The massacre of 11 people at a synagogue in Pittsburgh was felt around the nation and the globe.
Leaders from across the world issued statements of condolences.
Here are some of their comments:
Israeli Prime Minister Benjamin Netanyahu issued a video statement, posted to Twitter.
“The entire people of Israel grieve with the families of the dead,” he said. “We stand together with the Jewish community of Pittsburgh. We stand together with the American people in the face of this horrendous anti-Semitic brutality.”
Canadian Prime Minister Justin Trudeau said the hearts of his nation’s people are with the Jewish community.
“May the families of those murdered be comforted, and may the injured recover quickly and fully,” he wrote on Twitter.
Angela Merkel, chancellor of Germany, said the people killed and wounded were victims of “blind anti-Semitic hate.”
“My sympathies are for the families; I wish for strength + recovery for the victims. We all must stand resolutely against anti-Semitism — everywhere,” she said, according to spokesman Steffen Seibert, who tweeted her comments in German.
First Lady Melania Trump said the violence needs to stop and the people of the United States need to unite through God.
“My heart breaks over the news out of #Pittsburgh,” she wrote on Twitter.
Ivanka Trump, one of the President’s daughters and a close adviser who converted to Judaism when she married Jared Kushner, said the United States’ people supports Jews.
“America is stronger than the acts of a depraved bigot and anti-semite,” she tweeted. “All good Americans stand with the Jewish people to oppose acts of terror and share the horror, disgust & outrage over the massacre in Pittsburgh. We must unite against hated & evil. God bless those affected.”
Outgoing US Ambassador to the United Nations Nikki Haley also said her heart was breaking.
“An attack on the most sacred of places is the cruelest and most cowardly act a person can do,” she tweeted. “There is and will never be any tolerance for hate.”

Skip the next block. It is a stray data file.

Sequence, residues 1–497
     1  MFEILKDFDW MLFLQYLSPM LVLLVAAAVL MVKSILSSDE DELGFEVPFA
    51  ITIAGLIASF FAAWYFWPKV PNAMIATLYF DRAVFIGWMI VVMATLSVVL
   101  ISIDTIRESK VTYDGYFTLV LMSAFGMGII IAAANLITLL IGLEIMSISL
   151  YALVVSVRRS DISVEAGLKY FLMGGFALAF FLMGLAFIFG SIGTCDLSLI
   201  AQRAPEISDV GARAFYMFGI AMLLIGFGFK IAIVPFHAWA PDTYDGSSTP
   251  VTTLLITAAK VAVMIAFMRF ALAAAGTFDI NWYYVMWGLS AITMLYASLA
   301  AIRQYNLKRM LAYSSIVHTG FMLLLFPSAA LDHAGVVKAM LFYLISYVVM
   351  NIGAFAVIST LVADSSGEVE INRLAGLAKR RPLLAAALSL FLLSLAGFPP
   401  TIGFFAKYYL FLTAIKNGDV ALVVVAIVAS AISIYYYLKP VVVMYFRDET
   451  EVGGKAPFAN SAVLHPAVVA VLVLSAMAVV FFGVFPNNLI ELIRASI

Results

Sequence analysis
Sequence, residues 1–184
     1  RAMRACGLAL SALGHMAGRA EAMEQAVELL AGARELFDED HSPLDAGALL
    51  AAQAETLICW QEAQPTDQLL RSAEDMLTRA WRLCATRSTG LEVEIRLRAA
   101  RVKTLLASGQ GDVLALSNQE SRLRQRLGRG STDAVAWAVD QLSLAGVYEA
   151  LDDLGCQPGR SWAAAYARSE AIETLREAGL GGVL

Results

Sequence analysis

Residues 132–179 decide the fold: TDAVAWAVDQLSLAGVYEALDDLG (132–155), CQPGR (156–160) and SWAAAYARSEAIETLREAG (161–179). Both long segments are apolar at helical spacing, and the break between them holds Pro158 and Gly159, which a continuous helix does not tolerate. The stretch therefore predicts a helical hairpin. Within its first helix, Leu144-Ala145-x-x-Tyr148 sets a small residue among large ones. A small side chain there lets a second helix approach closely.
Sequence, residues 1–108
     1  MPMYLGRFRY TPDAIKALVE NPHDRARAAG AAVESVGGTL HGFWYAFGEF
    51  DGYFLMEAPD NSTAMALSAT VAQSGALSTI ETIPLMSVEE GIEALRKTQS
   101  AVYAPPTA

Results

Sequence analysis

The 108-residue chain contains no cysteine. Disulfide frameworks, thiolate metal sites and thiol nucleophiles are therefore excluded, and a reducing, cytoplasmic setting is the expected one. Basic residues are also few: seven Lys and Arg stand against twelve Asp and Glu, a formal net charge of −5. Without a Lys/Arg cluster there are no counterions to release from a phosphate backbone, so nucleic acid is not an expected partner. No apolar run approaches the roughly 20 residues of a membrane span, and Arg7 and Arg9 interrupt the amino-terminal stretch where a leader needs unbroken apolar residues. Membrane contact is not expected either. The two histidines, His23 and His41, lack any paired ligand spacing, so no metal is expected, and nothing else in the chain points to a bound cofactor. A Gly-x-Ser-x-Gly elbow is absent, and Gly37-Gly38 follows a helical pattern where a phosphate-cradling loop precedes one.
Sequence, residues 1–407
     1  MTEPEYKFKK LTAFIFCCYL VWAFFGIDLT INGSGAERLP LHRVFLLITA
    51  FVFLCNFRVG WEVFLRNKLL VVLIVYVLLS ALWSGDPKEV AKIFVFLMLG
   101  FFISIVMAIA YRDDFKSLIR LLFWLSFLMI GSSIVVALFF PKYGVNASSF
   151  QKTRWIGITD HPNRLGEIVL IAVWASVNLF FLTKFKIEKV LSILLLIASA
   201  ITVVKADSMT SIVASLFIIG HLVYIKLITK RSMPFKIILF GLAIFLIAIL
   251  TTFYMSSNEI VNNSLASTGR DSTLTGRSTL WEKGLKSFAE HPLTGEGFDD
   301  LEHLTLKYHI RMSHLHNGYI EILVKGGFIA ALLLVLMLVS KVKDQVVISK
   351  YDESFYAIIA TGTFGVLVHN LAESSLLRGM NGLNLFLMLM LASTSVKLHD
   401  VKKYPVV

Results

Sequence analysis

Pope Francis led prayers for Pittsburgh on Sunday in St. Peter’s Square, a day after a gunman who had expressed hatred of Jews opened fire in the synagogue during Sabbath services, killing 11 people.
Francis prayed for the dead, injured and their families and said: “In reality, all of us are wounded by this inhuman act of violence.” He prayed for God “to help us to extinguish the flames of hatred that develop in our societies, reinforcing the sense of humanity, respect for life and civil and moral values.”
Francis has frequently spoken out against religiously inspired violence and has denounced the easy availability of guns thanks to weapons manufacturers, whom he has called “merchants of death.”
Here are a few statements from local Connecticut leaders:
Governor Malloy said, “We mourn with Pittsburgh and the Tree of Life community on this dark day. Today’s senseless attack is yet another tragic reminder that hatred, intolerance, and violence consume the hearts of too many individuals. It is unconscionable that people continue to be targeted for death because of the religion they practice, country of their birth, who they love, or the color of their skin. No one in this great nation should ever fear violence at their place of worship… As blood continues to be senselessly spilled, Washington complicity caves to the will of the gun lobby. Enough is enough. We have proved in Connecticut that commonsense gun laws can prevent shootings and save lives. .”
Senator Richard Blumenthal tweeted out, “Our hearts break & stomachs turn after these shameful anti-Semitic murders. My thoughts are with the families & brave law enforcement. Congress is complicit—by its inaction—in this loathsome epidemic of gun violence.”
Senator Chris Murphy said on Twitter, “Not again…not again. My heart is breaking for the victims, the families, the congregation, and police officers in Pittsburgh.”